After glorious weather for most of the week, now that the weekend has come the skies are overcast and we have had a little rain. Sods Law in full effect. By this evening I was feeling a little stir crazy and when it stopped raining I decided to get out for a short stroll up to Pointer Wood and Clark’s Lot. I think what led my steps in this particular direction was an intention to return to a Rowan that I photographed a few weeks ago when it was just coming into flower. Now the flowers are beginning to fade.
We have two Rowans in our garden – perhaps because they were traditionally planted near houses to ward off evil spirits. Our’s seem to have worked so far. Why I couldn’t just photograph one of them is a mystery to me.
Entwined around the Rowan, honeysuckle is almost in flower:
The Rowan stands in an area in the wood which has been mostly cleared of trees. Beside it is the gnarled decapitated trunk of a silver birch. I think that it’s true to say that Silver Birch are relatively short-lived trees. I tend to think of them as slender trees with papery white bark. But this is a sturdy stump, cracked and fissured, almost black, with only a few scales of silver remaining by which to identify it.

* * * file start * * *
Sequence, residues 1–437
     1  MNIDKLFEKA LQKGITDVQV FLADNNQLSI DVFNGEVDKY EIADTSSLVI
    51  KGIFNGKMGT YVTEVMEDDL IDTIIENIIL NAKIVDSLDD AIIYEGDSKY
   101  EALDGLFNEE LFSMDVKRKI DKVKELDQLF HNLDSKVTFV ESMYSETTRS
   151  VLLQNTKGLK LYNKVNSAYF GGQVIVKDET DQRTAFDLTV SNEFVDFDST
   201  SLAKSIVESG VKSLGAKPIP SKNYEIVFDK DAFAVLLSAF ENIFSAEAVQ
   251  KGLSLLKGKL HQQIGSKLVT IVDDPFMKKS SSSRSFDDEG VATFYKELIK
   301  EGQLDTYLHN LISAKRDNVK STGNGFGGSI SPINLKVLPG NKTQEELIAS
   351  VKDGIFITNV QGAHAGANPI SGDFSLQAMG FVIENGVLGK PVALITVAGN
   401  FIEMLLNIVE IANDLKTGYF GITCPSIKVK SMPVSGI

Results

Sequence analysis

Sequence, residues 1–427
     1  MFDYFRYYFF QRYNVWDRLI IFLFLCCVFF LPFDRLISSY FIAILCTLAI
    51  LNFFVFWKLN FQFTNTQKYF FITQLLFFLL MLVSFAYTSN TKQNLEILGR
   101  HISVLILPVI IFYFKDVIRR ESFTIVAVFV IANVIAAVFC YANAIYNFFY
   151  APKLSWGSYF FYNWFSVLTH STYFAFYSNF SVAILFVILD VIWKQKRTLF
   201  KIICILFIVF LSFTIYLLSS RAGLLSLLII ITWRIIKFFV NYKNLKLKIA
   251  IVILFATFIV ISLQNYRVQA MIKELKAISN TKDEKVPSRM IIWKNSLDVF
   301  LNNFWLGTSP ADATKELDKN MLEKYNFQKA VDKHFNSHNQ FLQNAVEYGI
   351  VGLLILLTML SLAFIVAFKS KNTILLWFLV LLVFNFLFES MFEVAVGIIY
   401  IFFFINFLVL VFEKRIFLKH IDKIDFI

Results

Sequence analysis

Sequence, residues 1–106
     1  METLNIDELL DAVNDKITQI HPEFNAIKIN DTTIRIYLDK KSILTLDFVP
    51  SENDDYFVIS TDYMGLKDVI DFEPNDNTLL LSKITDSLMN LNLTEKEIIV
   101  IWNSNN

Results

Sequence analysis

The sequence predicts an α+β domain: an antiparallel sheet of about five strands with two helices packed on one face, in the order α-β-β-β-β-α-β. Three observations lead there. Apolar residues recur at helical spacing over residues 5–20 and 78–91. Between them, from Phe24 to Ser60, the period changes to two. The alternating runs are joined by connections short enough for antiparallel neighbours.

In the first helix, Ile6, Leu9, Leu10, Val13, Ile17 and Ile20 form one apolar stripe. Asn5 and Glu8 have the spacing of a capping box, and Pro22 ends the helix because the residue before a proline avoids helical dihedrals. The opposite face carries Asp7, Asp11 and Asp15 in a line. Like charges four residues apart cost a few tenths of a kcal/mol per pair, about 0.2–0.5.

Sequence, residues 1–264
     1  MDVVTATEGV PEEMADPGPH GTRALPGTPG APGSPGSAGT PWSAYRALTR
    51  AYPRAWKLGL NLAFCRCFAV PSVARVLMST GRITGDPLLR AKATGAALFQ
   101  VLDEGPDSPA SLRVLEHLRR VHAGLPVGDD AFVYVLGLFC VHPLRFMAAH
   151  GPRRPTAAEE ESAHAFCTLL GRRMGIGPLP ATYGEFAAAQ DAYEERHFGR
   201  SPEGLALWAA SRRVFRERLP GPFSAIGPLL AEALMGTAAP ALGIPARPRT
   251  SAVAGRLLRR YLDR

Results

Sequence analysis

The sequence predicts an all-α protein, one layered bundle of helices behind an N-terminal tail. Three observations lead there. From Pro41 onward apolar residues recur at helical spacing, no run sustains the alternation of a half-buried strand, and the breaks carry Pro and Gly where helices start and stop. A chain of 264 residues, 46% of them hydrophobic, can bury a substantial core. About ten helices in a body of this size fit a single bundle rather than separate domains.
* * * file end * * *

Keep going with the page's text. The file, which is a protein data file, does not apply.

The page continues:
A hollow near the top of the trunk, curtained with cobwebs, is lined with the moss, feathers and grass of an abandoned nest.
The trunk hosts ivy and bracket fungus:
I’m sure that this tree would have a great deal to tell us if we only knew how to listen. If I were as clever as Cynthia at Words From the Northwest Woods I would invent a character and a story to accompany these pictures and observations.
Returning to the meadow I was struck by the profusion and variety of the flowers, including many more Early Purple Orchids, and these Bird’s-foot-trefoil, which I shall have to return to capture in better light:
This Hawthorn is taller then most. In the low light the abundant blossom seemed to glow:
I didn’t realise that I’d caught two will-o’-the-wisps in my picture until I got home, and since they passed the Rowan tree in the garden unharmed in the camera I assume that they are benign.
A cynic might say that I had raindrops on my lens, but then – we aren’t cynical are we?